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Who is the earliest person recorded in history? Whose fame has survived the greatest amount of time to come down to us today?

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This depends on whether you allow mythical personalities. There are many people described in myths which cannot be determined whether they actually existed and even if existed, when they did. –  Anixx Jun 19 '12 at 6:59
@Anixx - Recorded means written. Remember, oral tradition is an excellent cultural exercise, but it's not history. Likewise myth is literature, and not history. The earliest name we know of in writing is that of the Goddess Inana, circa 3200bce. The earliest person is proving more elusive, but may be Nar-Mer, a Pharaoh. I'm doing more research to verify. –  RI Swamp Yankee Jun 19 '12 at 12:11
Would you consider cave paintings to be recorded history? The problem is we don't know how to interpret them. Were they instruction manuals for generations of people to refer to, religious writings used by shamans, boys drawing dirty pictures or a combination of these things? –  jfrankcarr Jun 19 '12 at 17:05
Most oral traditions were later recorded, and most ancient historical chronicles start with mythical depictions. For example, Russian Primary Chronicle starts with claiming (after the Bible) that Russians originated from Japheth. –  Anixx Jun 19 '12 at 20:58
@RISwampY: There are written accounts of persons that go back further than 3200BC. The problem is that they become increasingly mystical, since they were written later. So IMO Anixx does have a point with his question. I think this all boils down to the question: Recorded by contemporary scribes, or recorded in retrospect? If it's the former, it might be possible to identify some ruler (likely a Pharaoh or a Mesopotamian king) who first had his name recorded in clay or stone for some deed. If the latter, things become muddier the further back we go, until they're lost in the mists of time. –  sbi Jun 21 '12 at 10:40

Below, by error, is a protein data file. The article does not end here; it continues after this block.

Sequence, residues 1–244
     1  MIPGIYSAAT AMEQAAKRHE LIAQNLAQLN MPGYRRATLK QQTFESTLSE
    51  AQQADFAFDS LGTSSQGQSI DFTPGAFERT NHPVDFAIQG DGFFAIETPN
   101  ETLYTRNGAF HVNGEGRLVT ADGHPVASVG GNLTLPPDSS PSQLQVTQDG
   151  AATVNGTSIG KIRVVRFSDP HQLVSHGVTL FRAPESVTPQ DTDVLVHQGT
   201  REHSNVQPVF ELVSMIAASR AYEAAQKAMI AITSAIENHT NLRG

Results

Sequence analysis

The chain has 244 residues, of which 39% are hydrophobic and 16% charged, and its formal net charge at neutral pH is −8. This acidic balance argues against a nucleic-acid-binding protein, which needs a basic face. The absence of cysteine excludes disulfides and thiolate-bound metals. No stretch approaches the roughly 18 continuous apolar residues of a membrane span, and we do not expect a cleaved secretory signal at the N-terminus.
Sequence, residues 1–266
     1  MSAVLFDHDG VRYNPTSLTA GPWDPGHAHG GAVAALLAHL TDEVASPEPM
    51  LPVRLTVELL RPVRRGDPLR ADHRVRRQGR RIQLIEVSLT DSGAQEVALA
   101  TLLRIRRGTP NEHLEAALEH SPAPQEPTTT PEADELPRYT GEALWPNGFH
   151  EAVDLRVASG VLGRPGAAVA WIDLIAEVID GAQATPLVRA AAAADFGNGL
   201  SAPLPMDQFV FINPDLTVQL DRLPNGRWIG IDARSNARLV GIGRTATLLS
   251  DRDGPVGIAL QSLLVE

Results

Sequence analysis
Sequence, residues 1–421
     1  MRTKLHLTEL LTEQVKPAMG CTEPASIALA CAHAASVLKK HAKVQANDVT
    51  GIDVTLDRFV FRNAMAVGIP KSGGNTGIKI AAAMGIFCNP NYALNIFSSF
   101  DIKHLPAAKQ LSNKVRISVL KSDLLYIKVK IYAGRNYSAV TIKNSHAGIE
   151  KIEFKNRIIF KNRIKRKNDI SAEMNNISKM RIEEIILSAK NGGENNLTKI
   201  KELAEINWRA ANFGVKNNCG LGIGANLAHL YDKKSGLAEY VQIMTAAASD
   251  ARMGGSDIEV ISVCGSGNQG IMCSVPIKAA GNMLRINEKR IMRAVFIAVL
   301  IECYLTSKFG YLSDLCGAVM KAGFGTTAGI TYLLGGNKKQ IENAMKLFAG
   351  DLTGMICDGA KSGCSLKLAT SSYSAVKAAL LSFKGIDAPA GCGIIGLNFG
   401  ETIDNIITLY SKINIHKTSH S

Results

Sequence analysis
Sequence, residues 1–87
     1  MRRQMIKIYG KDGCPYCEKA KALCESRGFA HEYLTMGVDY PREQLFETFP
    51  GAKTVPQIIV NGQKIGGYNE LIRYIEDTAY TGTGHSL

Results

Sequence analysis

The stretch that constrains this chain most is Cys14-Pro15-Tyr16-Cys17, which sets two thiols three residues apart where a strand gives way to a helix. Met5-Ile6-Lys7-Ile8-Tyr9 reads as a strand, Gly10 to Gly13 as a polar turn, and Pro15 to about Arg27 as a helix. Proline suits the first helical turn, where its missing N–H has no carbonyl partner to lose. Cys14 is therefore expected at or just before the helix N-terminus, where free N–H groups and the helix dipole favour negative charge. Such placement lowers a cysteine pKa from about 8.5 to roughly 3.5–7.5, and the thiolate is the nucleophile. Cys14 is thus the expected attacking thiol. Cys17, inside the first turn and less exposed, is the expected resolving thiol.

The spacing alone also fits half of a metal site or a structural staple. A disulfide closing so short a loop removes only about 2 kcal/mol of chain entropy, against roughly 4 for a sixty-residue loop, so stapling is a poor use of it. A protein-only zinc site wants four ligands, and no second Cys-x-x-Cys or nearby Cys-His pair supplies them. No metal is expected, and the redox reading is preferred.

1 Answer 1

up vote 14 down vote accepted

The Narmer Palette, dating to the 31st century BCE, displays the name "Nar-Mer", the Pharoah credited with unifying Upper and Lower Egypt. There are names from before this time in later written records, which may or may not be legendary figures, and then there is Iry-Hor, which is either a predynastic pharaoh of upper-egypt preceding Narmer - or a symbol for the Royal Treasury, we're not sure which. So the first person we know for certain to be recorded by a contemporary scribe was Narmer.

Ka may be older, as it is a single hieroglyph enclosed in a primitve serekh, and a direct predecessor of Narmer, or, again, something to do with the pharaoh, without being the pharaoh.

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Please incorporate your comment on the earliest name being the goddess Inana into your answer, since this question has been directed over here. –  called2voyage Mar 12 '14 at 20:11

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